His Individual Research Project submitted to the National Institute for Policy and Strategic Studies, in 2013 was entitled INTERGOVERNMENTAL RELATIONS AT THE LOCAL GOVERNMENT LEVEL AND THE TRANSFORMATION AGENDA IN NIGERIA: AN APPRAISAL. Some of the recommendations are worthy of being repeated here for his comrades to continue the struggle for the development of local government as a means of mobilization for grassroots development. Here are excerpts from his worthy research :

“The fundamental thesis of this inquiry is that the local government system has a historical and vital role to play as building block to Transformation Agenda. The study, … concludes that the lack of autonomy, especially fiscal and democratic autonomy is a major impediment in the realisation of Transformation Agenda.  The  state governments’ non-remittance of the statutory 10 percent (10%) of their internally generated revenue to the local governments is yet another impediment. Also the election of the political leadership is handled with laxity, and most time undemocratic structures are provided by the governors of the states, thereby relegating the people’s participation to the background.

​The research further shows that the continuous interference in the affairs of the local governments through the fixing of spending limit and also imposing on them extra judicial spending such as contribution to the running of the office of the first lady of the states, and expending for some federal agencies like the National Youth Service Corps (NYSC), Nigeria Police Force (NPF), Nigeria Immigration Service (NIS), National Population Commission (NPC), Nigeria Customs Service (NCS), General election (INEC), Nigeria Security, Civil Defense Corps (NSCDC) and political parties in the states etc., And most of the aforementioned budgetary expenditures have little or no bearing on the locality in the rating of their priority and in most cases are not reflected in the annual budget.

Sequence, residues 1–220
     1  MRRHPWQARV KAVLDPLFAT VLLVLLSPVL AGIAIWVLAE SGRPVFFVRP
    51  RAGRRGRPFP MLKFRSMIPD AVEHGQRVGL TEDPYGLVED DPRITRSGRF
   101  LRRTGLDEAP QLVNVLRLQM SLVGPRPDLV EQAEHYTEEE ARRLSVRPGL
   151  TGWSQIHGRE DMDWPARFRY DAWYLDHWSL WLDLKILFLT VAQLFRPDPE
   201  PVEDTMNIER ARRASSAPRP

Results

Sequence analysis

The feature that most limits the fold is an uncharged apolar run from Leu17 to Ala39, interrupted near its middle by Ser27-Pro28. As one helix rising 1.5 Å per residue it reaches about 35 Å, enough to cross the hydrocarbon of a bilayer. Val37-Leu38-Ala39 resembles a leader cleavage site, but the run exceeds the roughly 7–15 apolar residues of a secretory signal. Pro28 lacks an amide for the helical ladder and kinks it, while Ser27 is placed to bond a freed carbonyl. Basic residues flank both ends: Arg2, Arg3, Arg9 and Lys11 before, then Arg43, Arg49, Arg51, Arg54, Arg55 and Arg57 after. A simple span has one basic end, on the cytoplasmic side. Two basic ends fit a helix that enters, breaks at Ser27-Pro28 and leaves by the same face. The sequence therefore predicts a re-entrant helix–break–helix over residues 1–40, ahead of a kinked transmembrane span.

If local governments are to be promoted as instruments for Transformation Agenda, then states’ control must be removed and democracy shall be guaranteed as provided by Section 7 of the 1999 Constitution. Findings have revealed that projects at the local government level are located mostly at the urban areas, while majority of Nigerians are living in the rural areas. This is seen as the activities of state governments, using funds meant for local governments to develop and beautify the cities and urban centres. Some of his recommendations include:

“​There should be a constitutional framework for the establishment, functions and composition of the Local Government Service Commission in every state.

Implementation Strategy

​The National Assembly, the 36 state Houses of Assembly and all stakeholders to ensure that a provision is made in the constitution to strengthen the operation of the Local Government Service Commission for the achievement of Unified Local Government Service.

Recommendation Two

​The federal government should develop a follow-up mechanism to protect the constitutional preserves of the local governments in the country.

NGOs, civil society organisations, NULGE, ALGON and other labour organisations to engage in sensitisation and mobilisation of citizens to actualise the constitutional amendments to these effects.

May his soul rest in prefect and eternal peace.